Inside Information:

  • In closing arguments, plaintiff’s’ attorney asked the jury to award pain and suffering damages in the sum of $40,000,000 whereas one of the defendants’ attorneys suggested $5,000,000 and the other suggested $2,500,000.
  • The verdict also included (a) past medical expenses in the sum of $4,908,108 (to which all counsel stipulated) and future medical expenses in the sum of $18,000,000 (over 24 years) and (b) past and future loss of earnings in the sum of $1,532,309.
  • Mrs. Saladino presented a loss of consortium claim. Although separated and living apart since 2008 when Mr. Saladino moved out of the marital home, Mrs. Saladino had left work for two years immediately after the accident to care for her husband, intimate physical relations were non-existent and the marriage was destroyed by the accident. The jury awarded her $750,000 (after her attorney asked for $1,000,000 with defense counsel suggesting $500,000).

 

 

New York’s appellate courts issued decisions in 10 cases in 2011 that approved pain and suffering damages in the sum of $3,500,000 or more.

The largest was $12,000,000 for a 24 year old woman who was paralyzed when a weight-lifting machine fell on top of her.

The courts affirmed the jury verdict in five of the cases, ordered a conditional reduction in four others and in one case ordered an increase.

Here are summaries of each of the 10 cases.

Barnhard v. Cybex Intl., Inc. (4th Dept. 2011) – $12,000,000 (reduced from $21,000,000) for a 24 year old physical therapy assistant from Buffalo rendered a C-5 quadriplegic when a 600 pound leg extension weight-lifting machine tipped over and crushed her neck. We discussed this case in detail, here.

Aguilar v. New York City Transit Authority (1st Dept. 2011) – $10,000,000 (reduced from $16,000,000) for a 45 year old Manhattan woman who sustained an above the knee amputation of her leg after she was run over by a bus. We discussed this case in detail, here.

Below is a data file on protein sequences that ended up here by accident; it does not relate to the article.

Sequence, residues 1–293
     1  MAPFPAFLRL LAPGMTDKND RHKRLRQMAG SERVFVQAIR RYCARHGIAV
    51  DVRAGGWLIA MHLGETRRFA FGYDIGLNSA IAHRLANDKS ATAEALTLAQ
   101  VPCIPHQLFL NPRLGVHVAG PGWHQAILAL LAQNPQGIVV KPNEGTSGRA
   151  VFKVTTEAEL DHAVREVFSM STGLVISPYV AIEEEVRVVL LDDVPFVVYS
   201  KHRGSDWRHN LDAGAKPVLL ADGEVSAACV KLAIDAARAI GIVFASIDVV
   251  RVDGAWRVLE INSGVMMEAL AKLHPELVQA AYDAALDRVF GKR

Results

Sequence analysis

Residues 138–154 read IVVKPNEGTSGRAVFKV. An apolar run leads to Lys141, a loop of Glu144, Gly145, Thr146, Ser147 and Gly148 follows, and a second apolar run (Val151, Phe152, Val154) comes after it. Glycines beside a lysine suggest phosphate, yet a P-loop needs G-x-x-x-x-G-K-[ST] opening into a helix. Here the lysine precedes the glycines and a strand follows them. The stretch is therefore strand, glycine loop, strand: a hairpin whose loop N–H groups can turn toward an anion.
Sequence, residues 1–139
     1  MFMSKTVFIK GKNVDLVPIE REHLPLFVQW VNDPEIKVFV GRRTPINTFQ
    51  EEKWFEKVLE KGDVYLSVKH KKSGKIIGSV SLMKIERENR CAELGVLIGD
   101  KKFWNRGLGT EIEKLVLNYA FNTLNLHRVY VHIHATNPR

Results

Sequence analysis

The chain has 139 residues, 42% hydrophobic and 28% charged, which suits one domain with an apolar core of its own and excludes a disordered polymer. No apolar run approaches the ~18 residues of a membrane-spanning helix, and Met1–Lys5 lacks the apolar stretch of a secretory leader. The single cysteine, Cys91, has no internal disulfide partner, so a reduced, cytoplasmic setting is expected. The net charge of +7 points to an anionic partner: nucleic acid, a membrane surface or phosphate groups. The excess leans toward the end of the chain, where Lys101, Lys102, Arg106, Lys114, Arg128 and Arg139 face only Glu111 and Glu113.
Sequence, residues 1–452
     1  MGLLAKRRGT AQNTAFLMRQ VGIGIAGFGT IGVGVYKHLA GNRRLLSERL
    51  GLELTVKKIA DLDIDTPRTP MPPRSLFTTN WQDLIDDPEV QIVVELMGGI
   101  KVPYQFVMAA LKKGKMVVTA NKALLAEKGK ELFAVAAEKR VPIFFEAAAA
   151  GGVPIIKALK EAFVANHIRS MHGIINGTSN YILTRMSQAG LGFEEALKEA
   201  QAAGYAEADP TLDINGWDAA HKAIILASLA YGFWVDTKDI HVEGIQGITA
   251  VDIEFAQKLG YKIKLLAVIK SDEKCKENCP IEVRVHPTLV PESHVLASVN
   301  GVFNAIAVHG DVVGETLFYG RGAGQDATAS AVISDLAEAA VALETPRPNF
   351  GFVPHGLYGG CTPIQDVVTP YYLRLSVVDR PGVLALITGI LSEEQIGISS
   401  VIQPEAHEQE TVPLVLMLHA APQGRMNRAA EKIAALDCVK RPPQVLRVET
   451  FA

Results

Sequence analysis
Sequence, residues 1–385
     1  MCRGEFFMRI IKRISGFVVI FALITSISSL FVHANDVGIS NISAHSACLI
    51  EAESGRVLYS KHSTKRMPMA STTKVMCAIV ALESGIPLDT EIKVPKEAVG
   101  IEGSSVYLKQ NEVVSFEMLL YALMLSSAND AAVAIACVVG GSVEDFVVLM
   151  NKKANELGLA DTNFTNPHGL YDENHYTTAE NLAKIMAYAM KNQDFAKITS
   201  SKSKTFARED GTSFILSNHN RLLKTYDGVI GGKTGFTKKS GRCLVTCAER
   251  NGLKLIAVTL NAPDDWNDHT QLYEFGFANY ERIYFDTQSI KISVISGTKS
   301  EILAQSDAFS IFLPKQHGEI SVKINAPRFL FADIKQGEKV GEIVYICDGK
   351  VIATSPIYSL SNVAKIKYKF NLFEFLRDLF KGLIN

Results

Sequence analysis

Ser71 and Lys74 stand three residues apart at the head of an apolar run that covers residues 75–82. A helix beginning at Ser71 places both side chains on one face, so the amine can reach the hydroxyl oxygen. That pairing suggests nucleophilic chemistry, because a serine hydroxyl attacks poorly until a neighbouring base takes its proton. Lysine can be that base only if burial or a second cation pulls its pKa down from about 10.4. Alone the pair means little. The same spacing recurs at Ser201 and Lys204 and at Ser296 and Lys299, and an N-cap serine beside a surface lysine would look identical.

Oakes v. Patel (4th Dept. 2011) [discussed by us here for the first time] – $9,600,000 (affirmed) in a medical malpractice case for a 42 year old excavation contractor who sustained a debilitating stroke and was left permanently paralyzed after a brain aneurysm was not properly diagnosed or treated and thereupon ruptured in a massive bleed.

Mr. Oakes was left with catastrophic neurological injuries and permanently in need of around the clock care. He is wheelchair bound, incontinent, wholly dependent in all activities of daily living and has severe cognitive deficits including findings of dementia and mental retardation.

Oakes v. Patel first went to trial in 2008 and resulted in a $2,000,000 pain and suffering verdict that plaintiff challenged as inadequate. The trial judge agreed and issued a decision ordering a new trial on damages unless the defendants stipulated to a $10,000,000 pain and suffering award. They declined and a second trial was held resulting in the $9,600,000 pain and suffering verdict that the appellate court affirmed.

The appellate court split 3-2 and defendants have been granted leave to appeal to the state’s highest court – the Court of Appeals. As discussed by one of the dissenting judges, the defendants claim that the appellate court should  have addressed the propriety of the trial judge’s five-fold increase in the pain and suffering damages award before addressing any issues raised regarding the second trial.

This is important because of the differences between ruling on excessiveness and inadequacy of damages. An appellate court ruling on excessiveness will reduce an award to the maximum figure it determines to be in the range of reasonableness. The same judges, on the same facts, might well arrive at a different figure when ruling on inadequacy because in that situation their job is to increase  the award to the minimum figure they determine to be in the range of reasonableness.